FILE - In this Sept. 20, 2015, file photo, Buffalo Bills' Aaron Williams (23) is carted off the field after an injury in the second half of an NFL football game against the New England Patriots in Orchard Park, N.Y. Williams figures he has another four mo
Bill Wippert, File
April 19, 2016

ORCHARD PARK, N.Y. (AP) Bills safety Aaron Williams tempers the enthusiasm he has of participating in offseason workouts with a hint of trepidation when outlining the next hurdle in his recovery from neck surgery.

It's one thing to spend the next few months lifting weights, studying the playbook and running around the field in non-contact drills. It's another come August, when Williams will be asked to make his first actual tackle in training camp.

''We can do as many strength tests and as many mental tests as we can, but it's all going to come down to when we put the pads on,'' Williams said, after the Bills opened their offseason voluntary conditioning program on Monday.

''Still a ways away,'' he added. ''But my focus right now is being in the best shape I can possibly be, get my face in the playbook as much as possible, and when that time does come, and it's time to hit, then worry about it.''

Williams is both confident and cautious some six months after having two discs shaved to alleviate nerve damage. He spent the first three weeks after surgery unable to move his neck.

He was hurt in Week 2, when Williams jammed his head while making a diving attempt to tackle Patriots receiver Julian Edelman. The game was stopped for about 10 minutes while Williams was immobilized, loaded into an ambulance and transported to the hospital.

Williams was released after three hours and eventually resumed playing three weeks later at Tennessee before pulling himself from the game after experiencing numbness.

He has no worries about re-injuring his neck.

''None at all,'' Williams said. ''If I had any doubt, I wouldn't be playing.''

And yet, he appreciates the risks, especially after acknowledging he should have taken more time to recover.

''I definitely did go back too early,'' he said, of starting at Tennessee before pulling himself off the field. ''I was young, just trying to prove something, to prove that I'm strong and that nothing can really faze me. But at the end of the day, I've got to look at my health.''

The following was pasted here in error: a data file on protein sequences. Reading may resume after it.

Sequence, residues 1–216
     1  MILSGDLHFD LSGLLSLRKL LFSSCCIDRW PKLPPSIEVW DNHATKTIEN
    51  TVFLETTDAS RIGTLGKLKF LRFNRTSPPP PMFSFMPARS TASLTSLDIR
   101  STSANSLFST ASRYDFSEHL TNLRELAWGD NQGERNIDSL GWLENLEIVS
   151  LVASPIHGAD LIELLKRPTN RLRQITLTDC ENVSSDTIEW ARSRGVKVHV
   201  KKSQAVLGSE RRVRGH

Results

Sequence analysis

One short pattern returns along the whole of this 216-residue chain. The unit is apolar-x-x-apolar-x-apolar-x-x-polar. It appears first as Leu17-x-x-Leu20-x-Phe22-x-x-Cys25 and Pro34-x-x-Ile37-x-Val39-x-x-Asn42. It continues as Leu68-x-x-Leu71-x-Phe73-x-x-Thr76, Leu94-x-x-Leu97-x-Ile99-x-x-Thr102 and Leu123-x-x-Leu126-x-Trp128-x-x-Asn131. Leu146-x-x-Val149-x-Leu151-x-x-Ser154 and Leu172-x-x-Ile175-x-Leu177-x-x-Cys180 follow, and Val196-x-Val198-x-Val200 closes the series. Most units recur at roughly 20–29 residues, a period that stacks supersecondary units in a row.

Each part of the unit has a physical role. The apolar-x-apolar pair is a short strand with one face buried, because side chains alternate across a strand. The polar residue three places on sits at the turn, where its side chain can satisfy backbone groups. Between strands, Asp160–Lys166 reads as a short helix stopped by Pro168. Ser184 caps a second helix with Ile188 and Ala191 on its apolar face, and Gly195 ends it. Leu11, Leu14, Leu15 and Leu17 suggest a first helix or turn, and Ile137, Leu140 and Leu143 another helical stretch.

When healthy, Williams provides the Bills a hard-hitting defensive presence against the run, and a capable defender in passing situations. Buffalo's 2011 second-round draft pick, he broke into the NFL as a cornerback before making the switch to safety in 2013.

The Bills thought so highly of Williams for his on-field ability and leadership potential, that they signed him to a four-year, $26 million contract extension in 2014.

Coach Rex Ryan is optimistic Williams can return to playing at his top form, while acknowledging no one can be certain until he begins tackling.

''I don't think he'll truly be 100 percent or be the Aaron Williams we know until he hits somebody,'' Ryan said. ''He's still got to get over that first contact. But we feel very confident, and I feel very confident he'll be ready.''

Williams welcomes the opportunity to learn under Ed Reed, a five-time All-Pro safety who joined Ryan's staff this offseason. One area Williams hopes to focus on with Reed is refining his tackling techniques.

The Bills defense under-performed last season, and was undone by on-field communication issues and off-field complaints over whether Ryan's scheme fit the team's personnel.

Williams vows things will improve.

''No excuses with last year, injuries and miscommunications and all that. That's in the past,'' Williams said. ''Yes, we will be a lot better.


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